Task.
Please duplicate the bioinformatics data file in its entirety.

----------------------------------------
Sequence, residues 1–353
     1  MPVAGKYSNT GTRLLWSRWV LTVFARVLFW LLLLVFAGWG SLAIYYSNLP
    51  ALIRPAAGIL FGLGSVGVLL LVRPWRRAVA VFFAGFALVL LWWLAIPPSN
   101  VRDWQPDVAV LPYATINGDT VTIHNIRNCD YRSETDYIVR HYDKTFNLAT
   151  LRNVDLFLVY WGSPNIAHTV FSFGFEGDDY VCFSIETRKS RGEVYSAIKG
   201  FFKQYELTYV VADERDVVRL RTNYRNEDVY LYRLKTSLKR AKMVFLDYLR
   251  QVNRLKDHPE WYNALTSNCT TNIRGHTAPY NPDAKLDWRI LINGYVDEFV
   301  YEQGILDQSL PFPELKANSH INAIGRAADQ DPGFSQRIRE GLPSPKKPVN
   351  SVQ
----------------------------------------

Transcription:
Sequence, residues 1–353
     1  MPVAGKYSNT GTRLLWSRWV LTVFARVLFW LLLLVFAGWG SLAIYYSNLP
    51  ALIRPAAGIL FGLGSVGVLL LVRPWRRAVA VFFAGFALVL LWWLAIPPSN
   101  VRDWQPDVAV LPYATINGDT VTIHNIRNCD YRSETDYIVR HYDKTFNLAT
   151  LRNVDLFLVY WGSPNIAHTV FSFGFEGDDY VCFSIETRKS RGEVYSAIKG
   201  FFKQYELTYV VADERDVVRL RTNYRNEDVY LYRLKTSLKR AKMVFLDYLR
   251  QVNRLKDHPE WYNALTSNCT TNIRGHTAPY NPDAKLDWRI LINGYVDEFV
   301  YEQGILDQSL PFPELKANSH INAIGRAADQ DPGFSQRIRE GLPSPKKPVN
   351  SVQ